Just as they were pondering the next step, a newspaper article, titled ‘Yamanashi University succeeds in synthesizing artificial quartz,’ was published. It was truly a case of perfect timing. Toyo Communication Equipment Company immediately dispatched two of its staff, Mr. Koga and Mr. Fukunaga, to Kofu City in Yamanashi Prefecture, where the University is situated. There, they met with Professor Minoru Kunitomi and his assistants, Sadao Taki and Junpei Asahara.
Observing an autoclave for the first time
To the north of Kofu City in Yamanashi lies Shosenkyo, an area known for its abundance of natural quartz. It is no surprise, then, that there are many companies located in Yamanashi that are involved in gem polishing and jewelry manufacture. Professor Kunitomi and his colleagues had begun their research into manufacturing artificial quartz in 1953, in an effort to support local industry development. The following year, in 1954, they had succeeded in producing Japan's first artificial quartz, using a small autoclave (a high-temperature, high-pressure kiln for growing artificial quartz) installed on the roof of the university (Figure 2). Mr. Koga and Mr. Fukunaga were able to witness first-hand the research results they had read about in the newspaper article.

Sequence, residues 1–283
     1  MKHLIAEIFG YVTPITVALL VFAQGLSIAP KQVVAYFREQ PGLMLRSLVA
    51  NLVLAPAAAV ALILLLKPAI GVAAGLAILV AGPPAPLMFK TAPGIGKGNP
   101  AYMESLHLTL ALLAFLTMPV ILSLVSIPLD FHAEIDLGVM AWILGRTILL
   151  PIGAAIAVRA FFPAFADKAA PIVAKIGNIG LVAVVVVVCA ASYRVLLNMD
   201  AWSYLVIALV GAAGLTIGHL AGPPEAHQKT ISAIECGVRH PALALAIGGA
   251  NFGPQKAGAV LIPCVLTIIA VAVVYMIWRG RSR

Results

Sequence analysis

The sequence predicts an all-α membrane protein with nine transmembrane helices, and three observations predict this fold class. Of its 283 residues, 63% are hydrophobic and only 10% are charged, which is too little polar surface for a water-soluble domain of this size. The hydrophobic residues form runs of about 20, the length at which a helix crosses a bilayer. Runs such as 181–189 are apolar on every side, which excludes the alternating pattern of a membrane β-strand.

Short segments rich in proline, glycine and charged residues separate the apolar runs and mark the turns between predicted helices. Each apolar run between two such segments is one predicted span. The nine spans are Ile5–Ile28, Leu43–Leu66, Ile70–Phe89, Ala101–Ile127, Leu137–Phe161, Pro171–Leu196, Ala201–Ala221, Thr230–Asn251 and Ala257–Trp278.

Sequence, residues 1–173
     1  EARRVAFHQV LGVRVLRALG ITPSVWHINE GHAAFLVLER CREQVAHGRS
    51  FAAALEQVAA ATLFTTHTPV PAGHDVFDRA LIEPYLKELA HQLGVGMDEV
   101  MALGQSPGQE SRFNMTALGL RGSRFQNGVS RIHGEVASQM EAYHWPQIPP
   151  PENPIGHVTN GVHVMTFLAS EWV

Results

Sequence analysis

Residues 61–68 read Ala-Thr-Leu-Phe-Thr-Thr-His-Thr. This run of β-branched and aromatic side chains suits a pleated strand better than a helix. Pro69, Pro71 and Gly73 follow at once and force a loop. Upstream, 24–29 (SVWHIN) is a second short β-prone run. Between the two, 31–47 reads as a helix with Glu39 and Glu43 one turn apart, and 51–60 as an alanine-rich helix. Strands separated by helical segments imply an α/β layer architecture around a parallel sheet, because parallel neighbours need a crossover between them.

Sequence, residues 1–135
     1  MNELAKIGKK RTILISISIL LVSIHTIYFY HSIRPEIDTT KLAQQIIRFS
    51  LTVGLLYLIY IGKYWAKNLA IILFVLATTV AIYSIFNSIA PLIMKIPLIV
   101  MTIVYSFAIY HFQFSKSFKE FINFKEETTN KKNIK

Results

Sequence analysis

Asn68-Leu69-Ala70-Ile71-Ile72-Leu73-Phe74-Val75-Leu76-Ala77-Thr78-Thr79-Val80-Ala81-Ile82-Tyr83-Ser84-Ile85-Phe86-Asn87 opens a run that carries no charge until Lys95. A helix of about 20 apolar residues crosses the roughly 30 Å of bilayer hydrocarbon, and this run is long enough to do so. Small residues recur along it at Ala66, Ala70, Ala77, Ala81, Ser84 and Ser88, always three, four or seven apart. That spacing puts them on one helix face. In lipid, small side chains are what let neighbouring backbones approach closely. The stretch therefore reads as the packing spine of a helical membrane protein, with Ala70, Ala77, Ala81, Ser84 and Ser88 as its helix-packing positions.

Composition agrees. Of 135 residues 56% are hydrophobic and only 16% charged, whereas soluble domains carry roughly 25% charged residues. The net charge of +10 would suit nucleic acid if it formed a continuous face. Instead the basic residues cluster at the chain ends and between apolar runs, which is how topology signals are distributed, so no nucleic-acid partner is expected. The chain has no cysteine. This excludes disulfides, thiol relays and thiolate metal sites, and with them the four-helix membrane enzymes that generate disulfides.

The two Toyo Communication Equipment employees were warmly welcomed by Professor Kunitomi. He gave them a detailed explanation of the process of manufacturing artificial quartz and then showed them the experimental autoclave.
It was extremely small compared to modern-day autoclaves, with a gauge of 35mm and depth of 500mm. However, it was the first time either of the two colleagues had ever laid eyes on such a device. Mr. Koga revealed that he was deeply impressed at that time*1).